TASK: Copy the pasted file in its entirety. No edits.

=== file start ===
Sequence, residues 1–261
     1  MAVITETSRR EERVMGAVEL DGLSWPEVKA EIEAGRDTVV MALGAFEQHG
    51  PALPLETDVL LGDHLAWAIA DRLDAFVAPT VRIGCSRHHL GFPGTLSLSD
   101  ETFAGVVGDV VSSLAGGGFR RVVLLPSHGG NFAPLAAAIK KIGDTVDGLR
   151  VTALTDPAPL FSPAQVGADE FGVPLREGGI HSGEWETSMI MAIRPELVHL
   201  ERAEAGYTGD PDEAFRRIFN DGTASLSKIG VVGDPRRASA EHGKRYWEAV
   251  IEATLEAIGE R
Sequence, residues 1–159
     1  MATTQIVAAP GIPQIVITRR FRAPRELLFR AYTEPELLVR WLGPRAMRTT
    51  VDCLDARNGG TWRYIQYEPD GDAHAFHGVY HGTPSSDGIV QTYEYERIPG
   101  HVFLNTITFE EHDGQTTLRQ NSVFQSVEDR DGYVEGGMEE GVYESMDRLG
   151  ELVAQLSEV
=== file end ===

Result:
Sequence, residues 1–261
     1  MAVITETSRR EERVMGAVEL DGLSWPEVKA EIEAGRDTVV MALGAFEQHG
    51  PALPLETDVL LGDHLAWAIA DRLDAFVAPT VRIGCSRHHL GFPGTLSLSD
   101  ETFAGVVGDV VSSLAGGGFR RVVLLPSHGG NFAPLAAAIK KIGDTVDGLR
   151  VTALTDPAPL FSPAQVGADE FGVPLREGGI HSGEWETSMI MAIRPELVHL
   201  ERAEAGYTGD PDEAFRRIFN DGTASLSKIG VVGDPRRASA EHGKRYWEAV
   251  IEATLEAIGE R
Sequence, residues 1–159
     1  MATTQIVAAP GIPQIVITRR FRAPRELLFR AYTEPELLVR WLGPRAMRTT
    51  VDCLDARNGG TWRYIQYEPD GDAHAFHGVY HGTPSSDGIV QTYEYERIPG
   101  HVFLNTITFE EHDGQTTLRQ NSVFQSVEDR DGYVEGGMEE GVYESMDRLG
   151  ELVAQLSEV